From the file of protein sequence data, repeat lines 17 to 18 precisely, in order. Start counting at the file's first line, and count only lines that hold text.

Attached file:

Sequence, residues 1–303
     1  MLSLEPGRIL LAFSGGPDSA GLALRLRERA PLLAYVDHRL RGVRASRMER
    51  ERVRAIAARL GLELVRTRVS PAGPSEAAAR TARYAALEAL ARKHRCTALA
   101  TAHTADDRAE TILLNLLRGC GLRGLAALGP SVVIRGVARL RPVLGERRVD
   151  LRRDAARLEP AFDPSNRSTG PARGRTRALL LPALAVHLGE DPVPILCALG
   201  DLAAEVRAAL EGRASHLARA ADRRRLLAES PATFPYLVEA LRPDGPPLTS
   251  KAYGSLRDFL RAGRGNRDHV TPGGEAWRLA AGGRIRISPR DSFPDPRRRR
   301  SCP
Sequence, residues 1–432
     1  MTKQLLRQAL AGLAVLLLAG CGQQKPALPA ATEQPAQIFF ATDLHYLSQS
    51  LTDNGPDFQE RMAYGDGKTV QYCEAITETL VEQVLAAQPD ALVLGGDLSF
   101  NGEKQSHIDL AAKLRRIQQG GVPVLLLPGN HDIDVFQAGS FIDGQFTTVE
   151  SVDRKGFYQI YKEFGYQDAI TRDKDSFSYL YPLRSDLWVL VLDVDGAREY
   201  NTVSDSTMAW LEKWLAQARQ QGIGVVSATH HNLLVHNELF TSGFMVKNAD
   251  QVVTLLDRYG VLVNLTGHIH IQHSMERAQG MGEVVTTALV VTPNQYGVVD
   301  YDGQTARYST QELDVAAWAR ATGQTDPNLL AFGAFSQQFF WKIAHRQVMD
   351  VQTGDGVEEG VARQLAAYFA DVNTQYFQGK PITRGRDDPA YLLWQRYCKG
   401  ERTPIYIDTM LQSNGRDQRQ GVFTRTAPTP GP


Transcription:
   351  VQTGDGVEEG VARQLAAYFA DVNTQYFQGK PITRGRDDPA YLLWQRYCKG
   401  ERTPIYIDTM LQSNGRDQRQ GVFTRTAPTP GP